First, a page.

I. Improving Productivity and Competitiveness

1. Defining Nutritional Status

e. The National Statistics Office (NSO) undertakes household surveys based on a master plan derived from the most recent census of population and housing. The uses of these surveys are for economic and social accounts, program evaluation as well as poverty monitoring and analysis, among others. Two surveys often used for poverty monitoring are the Family Income and Expenditure Survey (FIES) and the Annual Poverty Indicators Survey (APIS). The FIES is on of the basis of the poverty estimates; it includes data on family income and living expenses and related information affecting income and expenditure levels and patterns. In the new millennium, the NSO, FIES included An Analysis of Food Consumption Data in the Philippines for Poverty Estimation.

Study I - An Analysis of Food Poverty Line in the Philippines using the 1993 National Nutrition Survey and the 2000 Family Income and Expenditure Survey, offers an empirical basis in the evaluation of the different methodologies in estimating food poverty line using both the National Nutrition Survey (NNS) and the FIES. The study analyzed the food consumption data in the Philippines using both the 1993 NNS and the 2000 FIES for poverty determination. Inasmuch as the determinations of total poverty line (tpl) and poverty incidence are based on the FIES and the variables needed by the former are the food poverty line (fpl), food expenditure (fe), and total expenditure (te), it is worthwhile to examine the food consumption of the FIES. Furthermore the use of the two data in estimating food poverty line will be studied and compared with the existing method developed by the National Statistical Coordinating Board – Technical Working Group (NSCB-TWG) in order to determine who the poor are.

The FNRI regularly conducts Food Consumption Surveys since the 1960’s, hence, the FNRI’s Food Consumption Survey Results became the “gold standard”. The Institute analyzed the 2000 FIES consumption data by adopting the same system and procedures to  that of the NNS,  and it became the Institute’s significant contribution to the Philippine Statistical System (PSS). The study likewise shed light to the issues regarding the use of either the low-cost menu or the food basket for better estimation of poverty threshold in general.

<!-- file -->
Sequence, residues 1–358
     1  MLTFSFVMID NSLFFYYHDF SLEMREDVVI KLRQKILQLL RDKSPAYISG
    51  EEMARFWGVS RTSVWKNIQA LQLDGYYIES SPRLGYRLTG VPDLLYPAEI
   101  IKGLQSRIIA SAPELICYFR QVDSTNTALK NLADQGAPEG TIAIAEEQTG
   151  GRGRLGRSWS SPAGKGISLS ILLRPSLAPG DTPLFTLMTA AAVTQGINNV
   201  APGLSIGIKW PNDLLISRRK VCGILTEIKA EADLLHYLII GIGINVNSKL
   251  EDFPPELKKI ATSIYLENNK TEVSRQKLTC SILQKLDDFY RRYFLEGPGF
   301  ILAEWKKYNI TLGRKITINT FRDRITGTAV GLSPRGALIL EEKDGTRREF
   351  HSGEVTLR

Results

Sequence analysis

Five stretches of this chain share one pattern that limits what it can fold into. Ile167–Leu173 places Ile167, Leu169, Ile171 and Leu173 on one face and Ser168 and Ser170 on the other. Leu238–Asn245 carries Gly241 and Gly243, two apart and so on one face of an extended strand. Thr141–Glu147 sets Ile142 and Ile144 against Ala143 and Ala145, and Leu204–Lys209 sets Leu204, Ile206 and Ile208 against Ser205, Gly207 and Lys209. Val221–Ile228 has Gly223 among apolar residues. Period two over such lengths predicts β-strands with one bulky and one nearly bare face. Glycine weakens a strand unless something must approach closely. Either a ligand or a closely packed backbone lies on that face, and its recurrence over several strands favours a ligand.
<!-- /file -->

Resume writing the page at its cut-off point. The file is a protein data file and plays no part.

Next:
Among the four methods studied, the most acceptable and possibly less controversial method is selecting the household belonging to the bottom 30 % income group and then obtaining the intersection of the upper limit of the confidence interval for the mean one-day per capita food consumed among households with less than 100% energy adequacy level, and the lower limit of the confidence interval for the mean one-day per capita food consumed among household with 100% and over energy adequacy. This method is objectively done and is based on the available data to give a more realistic picture of pervasiveness of economic and nutritional deprivation in the country.

        According to the resolution adopted by the National Economic and Development Authority (NEDA), this income group could serve as a basis for monitoring poverty and formulating social welfare assistance programs of the government. The food threshold derived from this group showed how limited income could be utilized to minimize food expenditure and at the same time obtain a nutritious diet. This per capita food threshold could be used as a guide in purchasing a meal that could satisfy energy requirements at very minimal cost. It is emphasized that the food threshold estimate considers only the recommended allowance for energy and did not include those for other nutrients.

        Study II: Estimating Food Threshold and Poverty Incidence Using Food Basket Across Income groups and Bottom 30 % Income Group - The study compared the food basket with food threshold of households across income groups and in the bottom 30 % income group for estimating poverty incidence using per capita consumption of households in the bottom 30 % income class from the 2000 FIES as benchmark indicator.



Daily per capita food basket derived from “all income group”


vs. “bottom 30% income group”: All (urban + rural)

All income group
Bottom 30% income group
Wt. in gms
Wt. in gms
1. Rice
 1. Rice
2. Bread
 2. Bread
3. Pork
 3. Pork
4. Fish